A FORMER Wantage GP, medical historian and artist has died aged 90.

Irvine Stewart Lees Loudon was a GP in the town from 1952 to 1981, a forceful proponent of the NHS and devoted to his patients.

His speciality as a physician was obstetrics, and during his clinical career he delivered 2,200 babies in Wantage and its surrounding villages, the majority of them in Wantage Hospital’s maternity unit.

The pleasure and gratitude this engendered in Dr Loudon was enormous. Later his work to raise national standards in general practice, something he undertook with fellow Wantage GP the late Dr John Hawkey, earned Dr Loudon a place in the National Portrait Gallery in London.

This week’s obituaries:

Dr Loudon was born in Cardiff on August 1, 1924 to Dr and Mrs Andrew Loudon.

He had an older brother, Joseph, who practised medicine before becoming an anthropologist. Joseph died in 1999.

Dr Loudon’s Scottish father was a GP whose consulting rooms were in the family house, as was common practice then. As a child Dr Loudon became fascinated by medicine and remembered how, when a cat was injured in the road outside, his father performed emergency surgery on the animal.

A nine-year-old, Dr Loudon was allowed to administer chloroform to the cat, which survived. It was his first joint surgical procedure.

Dr Loudon attended the Cathedral School in Cardiff and Queen’s College, Oxford, where he read medicine and met his future wife, Jean Norman, after completing his studies.

The couple were to have five children: Andrew in 1950; twins Michael and Catherine in 1952; Elizabeth in 1957 and Mary in 1966.

Catherine died in 2001 from cancer.

While at Oxford Dr Loudon also took drawing courses at the Ruskin School of Art. His studies were temporarily interrupted by the war and he joined the RAF from 1943 to 1945, qualifying as a pilot after training in Canada’s western provinces.

He distinguished himself by writing-off the engine of a small plane at standstill, by starting it up when the oil level was too low. He described the noise as being “like 20,000 dustbin lids dropped on to concrete” and said he avoided a court martial “by the skin of my teeth”.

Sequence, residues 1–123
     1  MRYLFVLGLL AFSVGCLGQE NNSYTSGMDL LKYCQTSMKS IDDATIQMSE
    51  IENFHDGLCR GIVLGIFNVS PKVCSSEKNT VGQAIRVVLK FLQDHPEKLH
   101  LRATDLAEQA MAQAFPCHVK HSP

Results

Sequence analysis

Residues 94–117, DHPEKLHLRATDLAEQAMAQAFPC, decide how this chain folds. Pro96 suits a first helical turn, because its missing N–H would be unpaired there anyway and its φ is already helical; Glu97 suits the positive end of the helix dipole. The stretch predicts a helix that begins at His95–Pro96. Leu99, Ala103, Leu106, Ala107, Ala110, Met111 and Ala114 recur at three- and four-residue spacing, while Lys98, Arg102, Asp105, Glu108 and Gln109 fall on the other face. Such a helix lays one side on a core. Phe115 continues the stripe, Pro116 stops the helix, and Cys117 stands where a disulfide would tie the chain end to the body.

In 1982 Dr Loudon embarked on a second career as a medical historian with a research fellowship at the Wellcome Unit for the History of Medicine in Oxford, where he began a long association with Green Templeton College.

His books were mainly on the evolution of general practice, maternal mortality and childbed fever, and earned him international recognition.

He also edited Oxford University Press’ Western Medicine: an Illustrated History (1997).

While in Oxford he trained as an etcher at the Oxford Printmakers’ Co-operative, and was elected a fellow of the Royal Society of Painter-Printmakers. His etchings were widely sold and exhibited, but he etched purely for pleasure.

Dr Loudon’s sense of humour was notable and he was a dedicated practical joker. No family member was spared hoax phone calls or pranks.

He was encouraged as a medical student by a surgeon leading a practical examination, who asked him to identify a range of surgical instruments. “So what is this?” asked the surgeon, finally, producing from under the table a large, iron implement. “A car’s starter motor handle, sir,” Dr Loudon replied. “Correct,” said the surgeon. “Examination over.”

The last two years of Dr Loudon’s life were constrained by illness. His wife, Jean, to whom he was married for 66 years, looked after him devotedly at home until the last month of his life. His final month was spent in Wantage Hospital.

His youngest daughter, Mary, said: “There was a lovely symmetry to his own life ending peacefully in the hospital where he had been joyfully present at the beginning of so many new ones.”

Dr Loudon is survived by his wife Jean, two sons, two daughters and 10 grandchildren.

Dr Loudon’s funeral is at Wantage Parish Church at 2pm on Thursday, January 22.

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